I Was A Virgin

I’ve never exhibited at the Seattle Book Fair. This year I choose to skip the Sacramento Book Fair in favor of Seattle. It was an experiment. I’ve never driven 800+ miles each way to exhibit at a fair. At 67 I wanted to see if I could do it physically, withstand the rigors of the road, sleeping in strange beds, deal with changes in my regular diet, etc. And I’ve heard nothing but praise for the Seattle fair. It’s also run by Lou Collins who is also a member of the Antiquarian Bookseller’s Association of America (ABAA) of which I am a proud member. Of the 98 exhibitors, 48 were ABAA members. Good start.

I arrived at the venue the Thursday before the fair. It’s a drop off only day. I couldn’t set up until Friday. Why did I arrive Thursday? I guess because I could. It was the mistake of a virgin exhibitor, especially since I found out upon arrival that I couldn’t actually drop off until 4 p.m. I kept asking myself why did I bust my ass getting there if that was the case. I wish I had known. I also wish there was some signage about the fair, where to go. There isn’t a sign on the building to say it’s the Seattle Center Exhibition Hall. I guess everyone already knows. Everyone but me. As I said, it was my first Seattle rodeo. Rookie mistake.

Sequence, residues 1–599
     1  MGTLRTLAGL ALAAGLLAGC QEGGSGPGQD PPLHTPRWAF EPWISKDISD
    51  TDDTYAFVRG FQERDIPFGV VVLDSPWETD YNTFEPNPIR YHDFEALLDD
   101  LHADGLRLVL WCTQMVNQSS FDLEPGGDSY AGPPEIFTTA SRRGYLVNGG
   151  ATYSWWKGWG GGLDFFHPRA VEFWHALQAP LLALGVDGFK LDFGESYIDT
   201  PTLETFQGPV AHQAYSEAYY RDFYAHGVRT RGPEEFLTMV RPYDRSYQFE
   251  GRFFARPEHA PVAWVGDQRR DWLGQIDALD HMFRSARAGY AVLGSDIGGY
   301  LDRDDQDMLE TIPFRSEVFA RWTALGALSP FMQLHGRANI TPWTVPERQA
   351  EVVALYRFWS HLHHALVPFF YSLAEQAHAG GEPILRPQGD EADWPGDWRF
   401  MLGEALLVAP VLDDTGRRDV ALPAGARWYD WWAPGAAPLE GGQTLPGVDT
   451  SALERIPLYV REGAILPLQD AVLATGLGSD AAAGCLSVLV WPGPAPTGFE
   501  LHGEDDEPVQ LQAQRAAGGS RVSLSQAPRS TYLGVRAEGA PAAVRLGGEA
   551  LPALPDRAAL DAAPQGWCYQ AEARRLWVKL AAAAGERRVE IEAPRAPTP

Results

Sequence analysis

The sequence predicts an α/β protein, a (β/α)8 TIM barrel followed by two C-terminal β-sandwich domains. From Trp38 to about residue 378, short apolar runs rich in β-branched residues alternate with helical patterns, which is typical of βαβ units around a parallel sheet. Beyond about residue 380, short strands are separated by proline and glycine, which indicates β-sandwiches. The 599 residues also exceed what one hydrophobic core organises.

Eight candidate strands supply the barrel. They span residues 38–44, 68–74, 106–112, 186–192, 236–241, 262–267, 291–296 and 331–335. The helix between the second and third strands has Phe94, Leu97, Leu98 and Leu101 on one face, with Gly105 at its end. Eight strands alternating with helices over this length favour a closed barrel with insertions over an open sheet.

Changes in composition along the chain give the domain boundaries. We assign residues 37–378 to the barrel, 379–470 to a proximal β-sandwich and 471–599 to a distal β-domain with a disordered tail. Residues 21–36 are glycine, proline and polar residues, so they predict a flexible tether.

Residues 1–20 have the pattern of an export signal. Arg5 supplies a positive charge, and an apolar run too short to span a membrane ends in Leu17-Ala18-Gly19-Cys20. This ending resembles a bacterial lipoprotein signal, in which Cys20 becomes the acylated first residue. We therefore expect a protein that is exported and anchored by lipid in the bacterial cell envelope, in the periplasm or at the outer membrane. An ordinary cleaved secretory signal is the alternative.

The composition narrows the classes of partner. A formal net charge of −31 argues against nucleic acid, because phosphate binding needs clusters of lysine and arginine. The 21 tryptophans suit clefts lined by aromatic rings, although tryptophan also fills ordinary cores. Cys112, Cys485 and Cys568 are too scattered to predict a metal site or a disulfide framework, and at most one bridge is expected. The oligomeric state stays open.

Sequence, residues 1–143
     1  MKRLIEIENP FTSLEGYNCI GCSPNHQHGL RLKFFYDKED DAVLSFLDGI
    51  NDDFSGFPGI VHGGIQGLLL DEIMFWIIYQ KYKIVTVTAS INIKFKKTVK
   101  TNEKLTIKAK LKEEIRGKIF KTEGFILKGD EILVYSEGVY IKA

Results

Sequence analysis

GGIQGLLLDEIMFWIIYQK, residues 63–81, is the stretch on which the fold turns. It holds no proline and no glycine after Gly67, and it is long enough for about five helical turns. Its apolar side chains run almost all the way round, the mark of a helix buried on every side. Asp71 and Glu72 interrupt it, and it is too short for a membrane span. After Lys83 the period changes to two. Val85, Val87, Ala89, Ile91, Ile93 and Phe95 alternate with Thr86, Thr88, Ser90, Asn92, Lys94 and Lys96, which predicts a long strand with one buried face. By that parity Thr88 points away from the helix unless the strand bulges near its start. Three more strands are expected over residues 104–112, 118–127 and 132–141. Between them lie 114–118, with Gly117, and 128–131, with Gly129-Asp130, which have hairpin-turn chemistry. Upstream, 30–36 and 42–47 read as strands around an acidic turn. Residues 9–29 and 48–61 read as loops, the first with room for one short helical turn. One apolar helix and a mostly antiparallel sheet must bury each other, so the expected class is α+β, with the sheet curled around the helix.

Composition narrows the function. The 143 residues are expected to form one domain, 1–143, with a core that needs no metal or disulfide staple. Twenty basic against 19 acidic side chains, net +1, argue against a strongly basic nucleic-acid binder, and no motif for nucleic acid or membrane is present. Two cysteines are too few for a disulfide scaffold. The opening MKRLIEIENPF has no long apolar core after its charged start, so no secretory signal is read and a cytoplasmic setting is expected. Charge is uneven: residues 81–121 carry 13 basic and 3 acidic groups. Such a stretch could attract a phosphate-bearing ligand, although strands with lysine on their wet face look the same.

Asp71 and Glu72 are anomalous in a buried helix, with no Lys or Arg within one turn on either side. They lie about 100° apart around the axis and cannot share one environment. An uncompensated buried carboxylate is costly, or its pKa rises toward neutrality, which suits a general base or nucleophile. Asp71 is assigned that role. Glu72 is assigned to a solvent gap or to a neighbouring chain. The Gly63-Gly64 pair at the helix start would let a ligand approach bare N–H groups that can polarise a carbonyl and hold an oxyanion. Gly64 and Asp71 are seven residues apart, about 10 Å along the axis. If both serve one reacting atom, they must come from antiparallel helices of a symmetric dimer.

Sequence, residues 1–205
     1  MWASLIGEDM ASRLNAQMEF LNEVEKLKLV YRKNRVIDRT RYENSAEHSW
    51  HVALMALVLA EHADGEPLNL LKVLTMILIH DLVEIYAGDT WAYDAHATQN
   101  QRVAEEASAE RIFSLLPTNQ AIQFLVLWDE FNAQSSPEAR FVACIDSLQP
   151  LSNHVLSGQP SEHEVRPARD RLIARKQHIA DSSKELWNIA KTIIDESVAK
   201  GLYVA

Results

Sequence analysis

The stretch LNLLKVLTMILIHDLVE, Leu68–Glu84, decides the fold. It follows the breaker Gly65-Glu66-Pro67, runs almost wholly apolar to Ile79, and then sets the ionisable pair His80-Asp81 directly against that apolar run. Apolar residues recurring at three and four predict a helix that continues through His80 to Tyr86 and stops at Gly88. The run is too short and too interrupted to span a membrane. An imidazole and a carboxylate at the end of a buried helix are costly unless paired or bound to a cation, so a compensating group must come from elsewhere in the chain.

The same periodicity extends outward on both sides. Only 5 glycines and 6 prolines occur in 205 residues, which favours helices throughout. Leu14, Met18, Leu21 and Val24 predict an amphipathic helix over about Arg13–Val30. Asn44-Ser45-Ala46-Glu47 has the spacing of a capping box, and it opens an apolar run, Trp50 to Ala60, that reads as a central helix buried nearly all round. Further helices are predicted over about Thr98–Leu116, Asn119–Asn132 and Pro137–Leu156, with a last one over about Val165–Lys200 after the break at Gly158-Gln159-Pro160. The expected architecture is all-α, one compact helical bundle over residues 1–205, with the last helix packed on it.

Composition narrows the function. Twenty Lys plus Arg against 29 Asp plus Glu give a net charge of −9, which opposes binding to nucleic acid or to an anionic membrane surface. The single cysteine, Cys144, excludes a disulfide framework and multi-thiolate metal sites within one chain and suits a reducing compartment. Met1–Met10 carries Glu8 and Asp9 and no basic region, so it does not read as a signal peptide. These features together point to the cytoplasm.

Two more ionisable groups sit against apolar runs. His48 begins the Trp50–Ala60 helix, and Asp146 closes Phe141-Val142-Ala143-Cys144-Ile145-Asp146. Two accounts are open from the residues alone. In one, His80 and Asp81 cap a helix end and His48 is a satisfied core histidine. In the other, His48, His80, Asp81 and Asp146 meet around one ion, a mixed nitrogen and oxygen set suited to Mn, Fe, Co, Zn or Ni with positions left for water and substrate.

When I arrived to set up Friday, it was about 64 degrees in Seattle. I loved that cooler weather since it had been in the 90s where I live in California, but it was at least 20 degrees hotter inside the venue compared to the outside. I don’t sweat a lot, but I soon had huge wet spots all over my T-shirt and was physically uncomfortable for the first few hours. I guess air conditioning is expensive in Seattle. It was like this EVERY day of the fair, even in the early morning hours. I kept asking everyone if it was just me. It wasn’t.

On Saturday morning, first day of the fair, I dressed in my best duds. I didn’t bring my umbrella despite the light rain. The rain during my short walk to the venue wasn’t an issue, but the accumulated rain from hours before was a distinct problem. As I stood on a street corner waiting for the light to change, a car roared through a huge rain puddle. You got it. Suddenly a 12-foot tsunami drenched me. Head to foot. I dripped water from every part of my body. I was soaked through to the bone.  It was a comedy show, although when it happened I distinctly remember not laughing.

Was this an omen?

Thankfully I had another shirt and another sweater inside my attache case.

The show opened with great crowds and it stayed crowded for most of the day Saturday. I got no stupid questions, which was great, and a few people asked good questions. The questions didn’t result in any sales, but it helped pass the time pleasantly. Of course there was the usual assortment of business card collectors, note takers, and be-backs, but that’s true of all such fairs.

Of course any bitching by me about logistics and procedures means little if you leave the fair with a large bag of loot, so what was the bottom line?